Deutsche Telekom, Germany's largest telecommunications service provider, is facing allegations that its officers misused phone records to find the source of leaks to the press.
The allegations were revealed in Saturday's edition of the German magazine, Der Spiegel, which discovered that Deutsche Telekom had hired a third-party consultant to correlate phone records in an effort to pinpoint calls between company executives and the business press.
Monitoring of employee phone records is legal in Germany, as it is in the United States. However, German law does give employees some right to privacy if the company allows workers to use their business phones for personal calls, which Deutsche Telekom does. The service provider may also have violated German "telecommunications secrecy" laws, which provide for criminal penalties if a telecommunications company misuses the data it collects on its users and customers.
German journalists also are calling for an investigation into potential violations of laws protecting freedom of the press. Reporters, they say, should have the right to call any source without fear that their calls will be monitored or blocked.
The case is reminiscent of the scandal at Hewlett-Packard in 2006, when officials were accused of hiring private investigators to illegally collect data on employees and journalists in an effort to stop a leak to the press. Despite criminal charges and several lawsuits in the HP case, the company has successfully avoided court penalties and the executives involved were given light sentences of community service. (See HP Under Inquiry in Media-Leak Scandal and California Judge Dismisses All Charges Against HP's Dunn; Three Others Cut Deals.)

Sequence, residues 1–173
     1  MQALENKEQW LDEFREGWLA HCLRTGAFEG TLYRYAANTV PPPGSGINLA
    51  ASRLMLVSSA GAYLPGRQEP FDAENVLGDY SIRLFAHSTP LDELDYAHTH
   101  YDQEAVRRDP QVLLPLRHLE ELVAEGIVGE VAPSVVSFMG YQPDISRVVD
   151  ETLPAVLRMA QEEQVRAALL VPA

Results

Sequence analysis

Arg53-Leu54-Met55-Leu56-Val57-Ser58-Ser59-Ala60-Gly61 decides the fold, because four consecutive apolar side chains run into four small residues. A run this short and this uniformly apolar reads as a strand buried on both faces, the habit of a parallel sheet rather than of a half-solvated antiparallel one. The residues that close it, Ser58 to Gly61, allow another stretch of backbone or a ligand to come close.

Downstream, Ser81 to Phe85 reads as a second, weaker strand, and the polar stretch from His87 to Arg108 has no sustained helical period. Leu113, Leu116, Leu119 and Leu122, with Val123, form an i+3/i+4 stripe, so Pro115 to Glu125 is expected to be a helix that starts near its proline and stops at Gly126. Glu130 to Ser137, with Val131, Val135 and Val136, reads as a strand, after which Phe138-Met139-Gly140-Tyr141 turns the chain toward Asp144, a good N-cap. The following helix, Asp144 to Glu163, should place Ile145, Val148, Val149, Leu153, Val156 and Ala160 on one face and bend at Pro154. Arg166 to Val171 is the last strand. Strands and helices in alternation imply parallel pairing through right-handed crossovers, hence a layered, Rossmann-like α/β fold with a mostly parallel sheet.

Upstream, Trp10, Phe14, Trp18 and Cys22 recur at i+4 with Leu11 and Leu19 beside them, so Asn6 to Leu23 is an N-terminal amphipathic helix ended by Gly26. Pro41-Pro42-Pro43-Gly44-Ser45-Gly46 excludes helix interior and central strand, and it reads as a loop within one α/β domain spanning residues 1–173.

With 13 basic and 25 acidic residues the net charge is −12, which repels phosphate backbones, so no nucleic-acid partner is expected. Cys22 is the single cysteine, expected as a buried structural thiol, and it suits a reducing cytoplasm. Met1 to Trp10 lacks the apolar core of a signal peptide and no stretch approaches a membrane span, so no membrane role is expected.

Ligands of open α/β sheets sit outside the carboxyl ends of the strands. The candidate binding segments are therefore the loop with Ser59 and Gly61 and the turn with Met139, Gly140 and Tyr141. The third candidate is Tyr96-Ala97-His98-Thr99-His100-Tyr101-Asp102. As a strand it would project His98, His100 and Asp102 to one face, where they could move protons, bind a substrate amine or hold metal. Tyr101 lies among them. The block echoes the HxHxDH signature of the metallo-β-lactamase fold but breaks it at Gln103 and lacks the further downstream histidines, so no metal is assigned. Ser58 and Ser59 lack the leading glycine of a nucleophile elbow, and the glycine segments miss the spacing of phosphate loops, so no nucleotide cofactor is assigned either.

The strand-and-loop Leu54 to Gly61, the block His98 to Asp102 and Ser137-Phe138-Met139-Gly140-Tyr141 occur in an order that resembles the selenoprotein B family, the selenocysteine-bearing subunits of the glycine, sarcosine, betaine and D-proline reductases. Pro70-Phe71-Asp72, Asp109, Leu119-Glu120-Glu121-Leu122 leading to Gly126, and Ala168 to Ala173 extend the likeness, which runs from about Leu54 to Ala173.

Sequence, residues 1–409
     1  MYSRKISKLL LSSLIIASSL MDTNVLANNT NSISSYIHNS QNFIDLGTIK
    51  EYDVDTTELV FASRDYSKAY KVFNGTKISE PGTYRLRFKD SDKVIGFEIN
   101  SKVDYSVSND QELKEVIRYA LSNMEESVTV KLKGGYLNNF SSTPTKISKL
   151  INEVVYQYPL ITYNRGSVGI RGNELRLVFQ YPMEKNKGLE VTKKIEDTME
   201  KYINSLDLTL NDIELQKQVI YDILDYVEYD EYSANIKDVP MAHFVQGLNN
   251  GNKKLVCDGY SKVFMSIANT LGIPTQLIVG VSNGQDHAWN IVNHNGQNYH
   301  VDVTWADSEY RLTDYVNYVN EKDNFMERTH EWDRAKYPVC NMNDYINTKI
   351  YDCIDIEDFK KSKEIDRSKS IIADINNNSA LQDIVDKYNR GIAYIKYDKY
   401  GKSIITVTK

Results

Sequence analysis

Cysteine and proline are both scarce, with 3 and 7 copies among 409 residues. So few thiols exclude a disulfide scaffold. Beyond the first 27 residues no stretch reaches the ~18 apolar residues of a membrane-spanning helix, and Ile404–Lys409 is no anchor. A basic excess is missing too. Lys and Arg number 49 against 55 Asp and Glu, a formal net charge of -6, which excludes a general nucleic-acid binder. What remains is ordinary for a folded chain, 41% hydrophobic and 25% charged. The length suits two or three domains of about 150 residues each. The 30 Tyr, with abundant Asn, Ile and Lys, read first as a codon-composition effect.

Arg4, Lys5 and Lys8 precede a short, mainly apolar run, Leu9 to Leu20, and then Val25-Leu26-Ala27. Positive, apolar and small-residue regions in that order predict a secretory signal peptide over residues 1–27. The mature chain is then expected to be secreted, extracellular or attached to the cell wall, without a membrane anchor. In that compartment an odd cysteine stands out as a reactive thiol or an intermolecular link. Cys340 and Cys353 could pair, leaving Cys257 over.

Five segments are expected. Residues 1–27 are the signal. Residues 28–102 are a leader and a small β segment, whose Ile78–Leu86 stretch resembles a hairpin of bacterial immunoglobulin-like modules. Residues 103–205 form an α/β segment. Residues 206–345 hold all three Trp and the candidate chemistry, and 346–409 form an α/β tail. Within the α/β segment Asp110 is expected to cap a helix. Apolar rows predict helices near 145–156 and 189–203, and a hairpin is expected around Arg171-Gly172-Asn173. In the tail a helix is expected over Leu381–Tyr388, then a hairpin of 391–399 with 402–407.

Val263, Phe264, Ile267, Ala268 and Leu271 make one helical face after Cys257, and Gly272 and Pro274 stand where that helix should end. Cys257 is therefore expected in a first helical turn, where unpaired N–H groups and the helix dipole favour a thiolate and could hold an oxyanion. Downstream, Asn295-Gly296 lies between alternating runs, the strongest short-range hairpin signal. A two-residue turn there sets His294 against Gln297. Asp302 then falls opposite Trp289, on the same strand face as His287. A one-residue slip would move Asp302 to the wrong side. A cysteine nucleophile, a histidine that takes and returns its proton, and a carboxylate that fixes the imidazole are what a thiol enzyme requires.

Similarly, Deutsche Telekom is unlikely to face any court action, said German legal expert Thomas Hoeren in a radio interview.
"The interesting problem in this case is that state attorneys are now investigating what happened at Deutsche Telekom, but this can only lead to a punishment for individuals acting as representatives of Deutsche Telekom. The company as such is out of bounds," Hoeren said.
"What people now want are increased sanctions against the company, not just against the individuals behind the company. In the current situation, Deutsche Telekom can only get a fine of perhaps 25,000 [US$39,000], which is nothing for them."
Still, the service provider faces a good deal of negative publicity that could affect confidence in the publicly held company and might cause some loss of customers, according to news reports.
Theo Kitz, analyst of Merck Finck & Co., said the news wouldn't please customers and that it could lead to further line losses, which already is a key problem for the company in its home market. In March, Deutsche Telekom said it expected its market share of fixed lines in Germany to fall to 73 to 75 percent in 2008 from 82 percent in 2007. By 2010, the incumbent German telecom operator expects market share of around 65 percent.
Der Spiegel uncovered the scandal when it obtained a fax that outlines several different "projects" in which a third party was hired to investigate the activities of company executives, some for as long as a year and a half. The projects called on the consultant to "analyze several hundred thousand landline and mobile connection data sets of key German journalists reporting on Telekom and their private contacts."
Deutsche Telekom said Saturday that it had found indications of the "illegal use" of wireless and fixed-line telecommunications data that occurred in 2005 and 2006. It said it has referred the case to German state prosecutors, who have begun a preliminary probe. The company maintains that there were no wiretaps or eavesdropping involved in the case.
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